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Posts Tagged ‘Tokyo’

Image from Toho Stage

どんなに強く拒んでみせてもいつか俺を求める
No matter how fiercely you reject me, one day you’ll seek me out

I’ve written before about Elisabeth, my favorite musical when I saw it at the Imperial Theatre in Sept. 2010. That review was primarily a review of that run of the show and its actors since Elisabeth is an incredibly dense work with 20 years’ and multiple countries’ worth of shows; I’m convinced one could write several dissertations on any of the facets of the show, which is why I love it: it provides both the pleasure of consuming and the pleasure of producing analyses.

This year, I decided again to travel to Tokyo to see the 2012 Toho run show because, in addition to the excellent Sena Jun reprising her role as Elisabeth in a double cast with Haruno Sumire (my first Takarazuka love!), Toho brought on Hungarian actor Máté Kamarás for the role of der Tod, whom he had played in the Vienna revival run. Given my unenthusiastic feelings on Yamaguchi Yuichiro’s interpretation of the role, I was thrilled to be able to see an actor I actually knew I liked as der Tod on stage.1

Warning: this review has spoilers for Elisabeth the Musical as well as discussions of the musical’s themes of depression and suicide.

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The buzzword in Japan this summer is 節電 (setsuden), or conserving electricity.* For my readers back at home, this is chiefly because, as Alice Gordenker so succinctly put it in her “So What the Heck is That?” column in The Japan Times,

a huge earthquake and tsunami hit northern Japan on March 11, knocking out roughly a quarter of the electricity-generating capacity for the power companies that serve 53 million people in Tokyo, the Kanto plain and Tohoku. In the wake of the disaster there’s been a massive effort to reduce demand for electricity to levels that can be met. The alternative is scheduled rolling blackouts, or worse, sudden widespread blackouts from which it’s difficult to restore power. (“Setsuden,” 17 March 2011.)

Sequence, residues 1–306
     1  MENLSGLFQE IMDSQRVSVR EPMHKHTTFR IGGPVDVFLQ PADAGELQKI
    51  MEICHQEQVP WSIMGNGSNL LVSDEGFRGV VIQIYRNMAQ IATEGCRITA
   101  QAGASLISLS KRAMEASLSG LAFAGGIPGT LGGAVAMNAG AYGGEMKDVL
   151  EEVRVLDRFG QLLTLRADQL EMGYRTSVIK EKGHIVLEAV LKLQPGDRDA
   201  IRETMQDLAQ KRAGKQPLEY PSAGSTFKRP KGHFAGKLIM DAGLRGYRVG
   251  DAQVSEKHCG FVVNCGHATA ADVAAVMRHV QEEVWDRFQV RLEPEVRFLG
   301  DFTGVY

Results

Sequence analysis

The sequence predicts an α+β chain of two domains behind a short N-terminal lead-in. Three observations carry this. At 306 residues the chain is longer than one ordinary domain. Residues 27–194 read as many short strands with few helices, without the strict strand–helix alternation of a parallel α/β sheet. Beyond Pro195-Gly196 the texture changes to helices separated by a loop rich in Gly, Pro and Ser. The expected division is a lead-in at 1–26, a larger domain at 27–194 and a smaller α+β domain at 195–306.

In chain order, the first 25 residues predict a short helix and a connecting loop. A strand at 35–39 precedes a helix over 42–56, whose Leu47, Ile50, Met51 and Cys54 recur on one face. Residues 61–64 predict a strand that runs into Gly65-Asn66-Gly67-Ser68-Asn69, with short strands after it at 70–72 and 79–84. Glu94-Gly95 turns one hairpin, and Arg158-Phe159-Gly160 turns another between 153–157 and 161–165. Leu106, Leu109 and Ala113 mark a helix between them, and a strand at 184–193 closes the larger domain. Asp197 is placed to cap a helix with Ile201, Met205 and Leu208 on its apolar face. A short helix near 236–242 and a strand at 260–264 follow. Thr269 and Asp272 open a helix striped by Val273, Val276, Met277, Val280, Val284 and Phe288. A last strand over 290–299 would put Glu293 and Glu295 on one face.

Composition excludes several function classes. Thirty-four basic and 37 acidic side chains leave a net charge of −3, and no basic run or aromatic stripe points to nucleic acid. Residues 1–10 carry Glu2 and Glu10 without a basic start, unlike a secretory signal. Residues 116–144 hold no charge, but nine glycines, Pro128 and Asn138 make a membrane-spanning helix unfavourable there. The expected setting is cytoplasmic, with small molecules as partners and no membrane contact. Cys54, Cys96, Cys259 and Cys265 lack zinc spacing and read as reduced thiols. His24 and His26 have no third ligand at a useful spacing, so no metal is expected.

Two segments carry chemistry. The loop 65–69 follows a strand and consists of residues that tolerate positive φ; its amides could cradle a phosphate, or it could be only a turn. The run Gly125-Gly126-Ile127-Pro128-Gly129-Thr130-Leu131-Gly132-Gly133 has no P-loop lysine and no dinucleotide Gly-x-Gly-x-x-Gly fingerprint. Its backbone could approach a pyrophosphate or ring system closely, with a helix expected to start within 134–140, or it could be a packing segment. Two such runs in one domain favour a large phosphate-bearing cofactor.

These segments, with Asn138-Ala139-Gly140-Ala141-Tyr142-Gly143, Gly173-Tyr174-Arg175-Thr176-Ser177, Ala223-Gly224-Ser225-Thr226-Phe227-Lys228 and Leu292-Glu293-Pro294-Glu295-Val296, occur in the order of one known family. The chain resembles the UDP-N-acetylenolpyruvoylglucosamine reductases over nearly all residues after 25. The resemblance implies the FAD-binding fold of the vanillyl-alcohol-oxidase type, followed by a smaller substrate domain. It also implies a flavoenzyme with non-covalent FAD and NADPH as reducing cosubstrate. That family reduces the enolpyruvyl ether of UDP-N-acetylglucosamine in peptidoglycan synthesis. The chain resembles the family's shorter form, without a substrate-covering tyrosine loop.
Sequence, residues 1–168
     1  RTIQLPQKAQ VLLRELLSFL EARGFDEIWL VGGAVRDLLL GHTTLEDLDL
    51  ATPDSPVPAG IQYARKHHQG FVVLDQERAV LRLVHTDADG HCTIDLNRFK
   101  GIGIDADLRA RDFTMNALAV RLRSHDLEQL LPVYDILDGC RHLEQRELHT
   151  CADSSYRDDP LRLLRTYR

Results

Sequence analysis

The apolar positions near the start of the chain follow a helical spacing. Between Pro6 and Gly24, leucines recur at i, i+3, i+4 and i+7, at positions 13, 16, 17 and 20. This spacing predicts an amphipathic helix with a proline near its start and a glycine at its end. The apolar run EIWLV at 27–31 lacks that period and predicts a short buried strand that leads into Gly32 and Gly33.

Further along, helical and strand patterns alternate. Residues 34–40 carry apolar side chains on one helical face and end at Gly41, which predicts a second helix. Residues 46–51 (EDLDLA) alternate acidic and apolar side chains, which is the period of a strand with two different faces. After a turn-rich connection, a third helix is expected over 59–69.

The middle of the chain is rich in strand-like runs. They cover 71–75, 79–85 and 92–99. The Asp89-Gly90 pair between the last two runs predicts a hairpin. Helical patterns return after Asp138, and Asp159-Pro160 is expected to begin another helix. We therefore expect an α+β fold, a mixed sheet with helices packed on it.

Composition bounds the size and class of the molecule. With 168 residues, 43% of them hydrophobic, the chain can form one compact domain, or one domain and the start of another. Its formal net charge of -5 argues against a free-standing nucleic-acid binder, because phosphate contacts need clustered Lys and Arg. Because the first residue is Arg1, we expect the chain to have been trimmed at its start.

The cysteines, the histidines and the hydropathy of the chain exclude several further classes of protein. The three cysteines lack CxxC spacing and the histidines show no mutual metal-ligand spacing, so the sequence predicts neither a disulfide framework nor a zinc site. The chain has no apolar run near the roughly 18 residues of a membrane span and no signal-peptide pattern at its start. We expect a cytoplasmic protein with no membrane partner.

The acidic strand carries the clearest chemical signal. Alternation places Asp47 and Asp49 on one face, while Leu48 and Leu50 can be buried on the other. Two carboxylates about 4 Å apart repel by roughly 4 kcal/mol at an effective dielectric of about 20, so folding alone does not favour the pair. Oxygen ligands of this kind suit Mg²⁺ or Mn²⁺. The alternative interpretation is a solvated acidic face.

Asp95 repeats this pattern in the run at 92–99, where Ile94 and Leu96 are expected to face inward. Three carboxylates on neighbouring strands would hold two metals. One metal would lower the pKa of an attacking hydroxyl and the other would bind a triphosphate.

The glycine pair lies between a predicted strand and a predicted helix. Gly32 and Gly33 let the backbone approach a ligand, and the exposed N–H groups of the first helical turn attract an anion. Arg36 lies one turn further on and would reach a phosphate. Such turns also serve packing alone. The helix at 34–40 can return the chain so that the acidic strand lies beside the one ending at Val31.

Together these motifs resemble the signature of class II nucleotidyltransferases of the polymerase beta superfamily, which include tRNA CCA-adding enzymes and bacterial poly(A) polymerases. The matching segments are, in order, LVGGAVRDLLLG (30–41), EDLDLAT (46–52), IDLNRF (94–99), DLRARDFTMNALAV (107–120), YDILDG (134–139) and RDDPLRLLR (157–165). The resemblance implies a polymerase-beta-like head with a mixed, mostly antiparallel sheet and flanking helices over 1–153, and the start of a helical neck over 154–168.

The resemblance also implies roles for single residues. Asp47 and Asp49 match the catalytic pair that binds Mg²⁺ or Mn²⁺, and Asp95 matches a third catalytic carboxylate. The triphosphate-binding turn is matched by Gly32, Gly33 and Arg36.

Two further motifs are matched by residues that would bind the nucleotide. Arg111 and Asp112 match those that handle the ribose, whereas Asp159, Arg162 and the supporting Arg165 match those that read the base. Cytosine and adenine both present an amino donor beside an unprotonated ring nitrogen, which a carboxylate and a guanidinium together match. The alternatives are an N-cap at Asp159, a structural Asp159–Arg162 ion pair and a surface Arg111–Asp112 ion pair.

I am fortunate to live in a relatively cooler part of the country and far from the affected zone, but while our energy consumption might not directly affect how much energy is getting out to Tokyo and the East, we are also being encouraged to setsuden. There’s been talk of deactivating some of our nuclear power plants, but there’s also a collective feeling that we should seriously reevaluate our energy consumption in general.

It’s hard to discuss setsuden without mentioning the  spirit of 我慢 (gaman), a term which means patience, perservance, and endurance and often has an undertone of sacrifice; colloquially, the phrase can mean “deal with it” or “buck up.”  (more…)

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On my trip to Tokyo in September, I happened to stumble upon a courtyard full of roses and sparkling lights.

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Part 4: Turkey and Vegetarian Sandwiches in Marunouchi

I love turkey, and I don’t just mean for Thanksgiving. I don’t think I realized just how much turkey I used to eat in the States until I moved here. Sure,  I could make chicken sandwiches, provided I get the right kind of bread at the store (ha). But nothing is like going to the nice grocery store by my old apartment and getting a quarter-pound of hand-sliced Michigan-raised turkey to make turkey sandwiches with real cheese and real bread.

Sigh.

I was back in the US briefly last week, and I think I managed to eat turkey almost once a day, including some very nice turkey my mother roasted and sliced up herself.

I won’t be ordering a turkey on the Foreign Buyers’ Club this year, for fear that  a 4-lb bird will not fit in my oven range. (Never mind that I have never cooked a whole bird.) However, I did find a sandwich shop in Marunouchi, Tokyo, that serves not only turkey “burgers” but also a decent selection of vegetarian sandwiches.